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How do you execute raw SQL in SQLAlchemy?

I have a python web app that runs on flask and interfaces to the database through SQLAlchemy.

I need a way to run the raw SQL. The query involves multiple table joins along with Inline views.

I've tried:

connection = db.session.connection()
connection.execute( <sql here> )

But I keep getting gateway errors.

share|improve this question
I recommend you to just use pythonhosted.org/Flask-SQLAlchemy and also quickly forget about executing raw SQL queries. – Markus Unterwaditzer Jul 31 '13 at 14:31
I've looked at that before, but I couldn't find a tutorial on running an update. I'd also rather not learn the syntax and covert a rather long (about 20 lines) SQL query. – starwing123 Jul 31 '13 at 15:00
@MarkusUnterwaditzer I used to think that, but now I strongly disagree. Raw, properly parametrized SQL is generally much easier to read and maintain than a bunch of function calls and objects that generate it. It also affords you the full capabilities of the database without having to jump through hoops to make the ORM generate the correct syntax (if it's even possible) and keeps the ORM from doing unexpected things. You might ask the question, "Then why use SQLAlchemy at all?", and the only answer I have is, "The existing application uses it and changing everything is too expensive." – jpmc26 Feb 28 '14 at 2:05
@jpmc26 Upped your comment—as a lover of SQL, I have a hard time with the idea of "giving away the keys to the database" to an irresponsible alchemist and tend to lean on the side of ORM is an antipattern :) That being said I'd be keen to accelerate certain components, such as user registration/management, and also the generation of tables with sequences of buttons for which I can code the actions + SQL. Have you come across some ORM-skeptic-friendly tools that work well for you in a Python framework? – zx81 Jul 17 '15 at 5:04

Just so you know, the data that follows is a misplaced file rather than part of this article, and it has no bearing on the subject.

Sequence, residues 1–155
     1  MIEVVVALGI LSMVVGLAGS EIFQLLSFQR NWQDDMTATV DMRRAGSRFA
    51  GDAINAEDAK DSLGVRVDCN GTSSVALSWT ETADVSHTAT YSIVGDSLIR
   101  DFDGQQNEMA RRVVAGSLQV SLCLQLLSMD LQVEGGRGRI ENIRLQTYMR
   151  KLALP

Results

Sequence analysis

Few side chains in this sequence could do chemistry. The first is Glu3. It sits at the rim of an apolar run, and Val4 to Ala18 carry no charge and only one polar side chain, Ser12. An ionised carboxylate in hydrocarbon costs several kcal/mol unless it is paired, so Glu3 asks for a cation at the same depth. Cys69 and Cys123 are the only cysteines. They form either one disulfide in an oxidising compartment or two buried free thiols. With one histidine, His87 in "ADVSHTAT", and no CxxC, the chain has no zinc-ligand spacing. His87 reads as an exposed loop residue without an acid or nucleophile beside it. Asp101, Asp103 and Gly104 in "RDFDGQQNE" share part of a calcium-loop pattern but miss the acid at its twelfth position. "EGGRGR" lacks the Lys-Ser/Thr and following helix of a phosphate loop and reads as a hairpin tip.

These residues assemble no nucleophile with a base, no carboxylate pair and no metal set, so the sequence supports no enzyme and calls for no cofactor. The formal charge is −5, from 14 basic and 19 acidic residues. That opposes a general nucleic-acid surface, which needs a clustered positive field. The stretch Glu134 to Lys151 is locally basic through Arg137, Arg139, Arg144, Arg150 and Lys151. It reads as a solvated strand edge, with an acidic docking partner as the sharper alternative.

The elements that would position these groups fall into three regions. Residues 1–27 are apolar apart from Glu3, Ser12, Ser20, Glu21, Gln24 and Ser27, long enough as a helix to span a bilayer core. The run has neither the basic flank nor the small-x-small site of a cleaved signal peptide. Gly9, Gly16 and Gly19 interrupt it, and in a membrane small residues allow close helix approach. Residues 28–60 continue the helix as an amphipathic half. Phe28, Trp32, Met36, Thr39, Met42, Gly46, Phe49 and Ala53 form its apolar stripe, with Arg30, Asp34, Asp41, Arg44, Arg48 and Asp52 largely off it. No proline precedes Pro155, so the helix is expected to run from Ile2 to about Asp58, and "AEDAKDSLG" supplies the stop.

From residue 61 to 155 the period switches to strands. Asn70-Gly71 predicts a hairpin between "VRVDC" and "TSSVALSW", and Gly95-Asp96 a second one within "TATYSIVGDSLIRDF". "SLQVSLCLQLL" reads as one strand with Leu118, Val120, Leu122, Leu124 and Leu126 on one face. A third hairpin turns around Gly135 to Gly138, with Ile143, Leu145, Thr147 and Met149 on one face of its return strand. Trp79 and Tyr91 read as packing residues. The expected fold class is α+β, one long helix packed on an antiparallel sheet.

up vote 97 down vote accepted

Have you tried:

result = db.engine.execute("<sql here>")


from sqlalchemy import text

sql = text('select name from penguins')
result = db.engine.execute(sql)
names = []
for row in result:

print names
share|improve this answer
If you do an insert or update, how do you commit the transaction? – David S Jan 30 '14 at 23:01
If you are using raw SQL then you control the transactions, so you have to issue the BEGIN and COMMIT statements yourself. – Miguel Jan 30 '14 at 23:47
Does the same SQL commands work when you issue them without SQLAlchemy? You may want to enable debugging on your database so that you can see what commands it is executing. – Miguel Jan 31 '14 at 4:44
db.engine.execute(text("<sql here>")).execution_options(autocommit=True)) executes and commits it too. – Devi Sep 4 '15 at 5:27
@Miguel "If you are using raw SQL then you control the transactions, so you have to issue the BEGIN and COMMIT statements yourself." This is simply not true. You can use raw SQL with a session object. Just noticed this comment, but you can see my answer for how to use a session with raw SQL. – jpmc26 Sep 11 '15 at 20:41

docs: SQL Expression Language Tutorial - Using Text


from sqlalchemy.sql import text

connection = engine.connect()

# recommended
cmd = 'select * from Employees where EmployeeGroup == :group'
employeeGroup = 'Staff'
employees = connection.execute(text(cmd), group = employeeGroup)

# or - wee more difficult to interpret the command